It is not pos­si­ble to make up for th­ese de­fi­cien­cies in the three years lead­ing to the fi­nal NSC ex­ams. The ten­dency among many schools fac­ing this chal­lenge is for the weak learn­ers to be ex­cluded from Grade 12 through a process known as culling in or­der to meet the de­mands of their district ed­u­ca­tion man­agers. This is where the prob­lem lies.

High dropout rates have a direct eco­nomic im­pact in terms of poor use of our hu­man re­sources. Mea­sur­ing this de­fect will en­sure we fo­cus our at­ten­tion and re­me­dial interventions at the points in the sys­tem that re­ally mat­ter.

The Depart­ment of Ba­sic Ed­u­ca­tion (DBE) is very much aware of the need to re­veal more about what hap­pens within the sys­tem for the ben­e­fit of the par­ents. The rel­e­vant data is avail­able with the DBE, but in­ex­pli­ca­bly it is ex­cluded from com­par­a­tive eval­u­a­tion of the fi­nal ma­tric re­sults.

We must de­sist from us­ing the NSC re­sults to com­pare the per­for­mance of prov­inces. There are very crit­i­cal con­tex­tual is­sues that have a direct im­pact on the ca­pac­ity and ca­pa­bil­ity of the pro­vin­cial ed­u­ca­tion de­part­ments to de­liver qual­ity ed­u­ca­tion. With­out fac­tor­ing th­ese in, in a sci­en­tific man­ner, the com­par­isons made by the DBE are mean­ing­less, ex­cept for po­lit­i­cal point scor­ing.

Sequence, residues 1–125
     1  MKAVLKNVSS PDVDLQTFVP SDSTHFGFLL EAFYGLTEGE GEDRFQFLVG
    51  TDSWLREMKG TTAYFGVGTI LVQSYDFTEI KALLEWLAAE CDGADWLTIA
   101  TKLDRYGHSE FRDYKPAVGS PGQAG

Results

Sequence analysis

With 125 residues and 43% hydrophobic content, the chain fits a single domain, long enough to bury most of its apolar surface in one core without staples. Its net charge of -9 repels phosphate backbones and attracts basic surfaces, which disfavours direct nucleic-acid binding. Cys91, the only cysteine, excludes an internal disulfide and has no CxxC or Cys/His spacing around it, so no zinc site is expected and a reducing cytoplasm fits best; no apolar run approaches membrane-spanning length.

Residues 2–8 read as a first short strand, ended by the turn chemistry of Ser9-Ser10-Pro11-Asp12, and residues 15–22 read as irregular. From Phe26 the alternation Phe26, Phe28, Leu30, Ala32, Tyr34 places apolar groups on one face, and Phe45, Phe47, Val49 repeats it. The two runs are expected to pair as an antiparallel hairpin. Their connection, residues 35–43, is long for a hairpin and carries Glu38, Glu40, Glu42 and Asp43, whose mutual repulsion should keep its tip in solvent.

The DBE has also iden­ti­fied a num­ber of vi­tal and suc­cess­ful interventions that are aimed at im­prov­ing the qual­ity of our ed­u­ca­tion. We see re­sults in the sharp rise in ac­cess to ed­u­ca­tion and re­ten­tion of pupils.

School feed­ing schemes is an­other very crit­i­cal area where we should be do­ing very well were it not for the high lev­els of cor­rup­tion that are de­rail­ing this ef­fort.